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Victims of Sandy Hook

Stop the Slaughter of Innocents. Congress is bought and paid for by gun lunatics and gun promotion groups. If you want to live in a safe America, help buy Congress back for America. Send a donation to Mayors Against Illegal Guns, 909 Third Avenue, 15th Floor New York, NY 10022

College Graduates - How to Find a Job During an Economic Crisis

There is a hidden job market that most job seekers do not know about. The visible job market is only the tip of the iceberg because many of the best jobs are not advertised. When I worked as a self-employed recruiter most of my job search assignments were known only to the employer, a few people in the company and me.

The good news for college graduates is that unemployment is much less for them than for those with only a high school diploma. The bad news is that many college graduates are unemployed or under employed and competing with many others for the better jobs.

The mistake that most job seekers make is to follow the crowd and to do what everybody else is doing. This puts you in competition with too many people, especially during an economic downturn. Let's take a look at the job seeking methods most people use and that are less likely to produce good results. Most job seekers do the following:

o Send out lots of resumes
o Post resumes online
o Answer want ads
o Go to employment agencies
o Go to job fairs

It is okay to spend a small amount of your time using the methods listed above, but not much, because these are the least effective job search strategies. They are less likely to get you a good job when compared to the two job search strategies that I am going to present to you.

So what are the best and most effective job search methods? If you can find the unadvertised jobs you will have little or no competition. Many employers who have job openings do not advertise them or list them with employment agencies, but prefer to ask their employees and other people they know to recommend someone.

There are two types of unadvertised or hidden jobs:

1. Job openings that the employer knows about.

2. Jobs that could be created for the right person, but no job opening currently exists.

Let's look at the first one. How can you find these unadvertised job openings? Here are a few ways:

o First you must know the type of work that you want to do, are suited for and feel passionate about.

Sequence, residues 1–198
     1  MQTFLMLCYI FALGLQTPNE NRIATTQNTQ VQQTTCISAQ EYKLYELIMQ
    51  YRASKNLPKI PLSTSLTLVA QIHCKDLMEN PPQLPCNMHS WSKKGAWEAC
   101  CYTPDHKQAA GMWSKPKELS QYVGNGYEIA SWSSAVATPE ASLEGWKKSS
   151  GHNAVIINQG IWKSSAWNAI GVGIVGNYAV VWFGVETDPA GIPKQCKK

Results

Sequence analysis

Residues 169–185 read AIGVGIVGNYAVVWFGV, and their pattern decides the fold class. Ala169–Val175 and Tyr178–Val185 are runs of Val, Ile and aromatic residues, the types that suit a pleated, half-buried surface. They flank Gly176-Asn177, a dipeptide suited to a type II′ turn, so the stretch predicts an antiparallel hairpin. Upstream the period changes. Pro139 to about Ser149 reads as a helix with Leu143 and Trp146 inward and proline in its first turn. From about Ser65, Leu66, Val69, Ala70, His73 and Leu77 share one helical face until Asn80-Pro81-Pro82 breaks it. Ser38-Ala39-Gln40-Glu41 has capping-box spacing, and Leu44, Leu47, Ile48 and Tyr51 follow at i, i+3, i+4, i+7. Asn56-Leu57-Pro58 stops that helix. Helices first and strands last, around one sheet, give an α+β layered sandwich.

o Research. Go to the library and identify at least 25 companies of interest from directories of major employers. Examples would be Dun and Bradstreet's Million Dollar Directory and Standard and Poor's Register of Corporations. The librarian can help you to find other directories and resources for your research. Select several companies of interest.

o Use the Dictionary of Occupational Titles (DOT) and Occupational Outlook Handbook (OOH) to identify jobs you want and the skills and experience required to perform them. The OOH will also give you an idea of salary ranges for different jobs.

o Conduct informational interviews with people in your fields of interest to further your research.

o Contact people you know (and who they know) to see if they can refer you to anyone who works for your companies of interest.

o Call hiring authorities directly and tell them what you would like to do. Let them know how you could contribute to and benefit their company. If they do not have job openings in your field of interest then ask for the names of two other hiring authorities in their field of work.

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Careers Sections

The Right Job, Right Now: The Complete Toolkit for Finding Your Perfect Career

Complete Toolkit for Finding Your Perfect Career

The Right Job, Right Now presents a complete step-by-step plan for long-term career satisfaction using self-assessment, self-marketing, and a comprehensive job search and career development strategy.

Based on the author's Kaleidoscope Career Model, this book shows you how to take charge of your career and takes you, step-by-step, through the complete job search process including:

• Career assessment - what do you have to offer and what do you want in return?
• Taking action - searching for a new job, interviewing, and accepting offers.
• On-the-job issues - answers to common questions from dealing with a bad boss to performance management.

Click here for more information.

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